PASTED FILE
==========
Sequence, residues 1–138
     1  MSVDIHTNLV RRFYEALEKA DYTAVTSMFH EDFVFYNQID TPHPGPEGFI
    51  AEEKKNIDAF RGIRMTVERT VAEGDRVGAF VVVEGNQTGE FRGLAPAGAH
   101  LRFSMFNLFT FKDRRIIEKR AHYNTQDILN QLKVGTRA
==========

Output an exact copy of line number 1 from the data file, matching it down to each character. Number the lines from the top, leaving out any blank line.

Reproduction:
Sequence, residues 1–138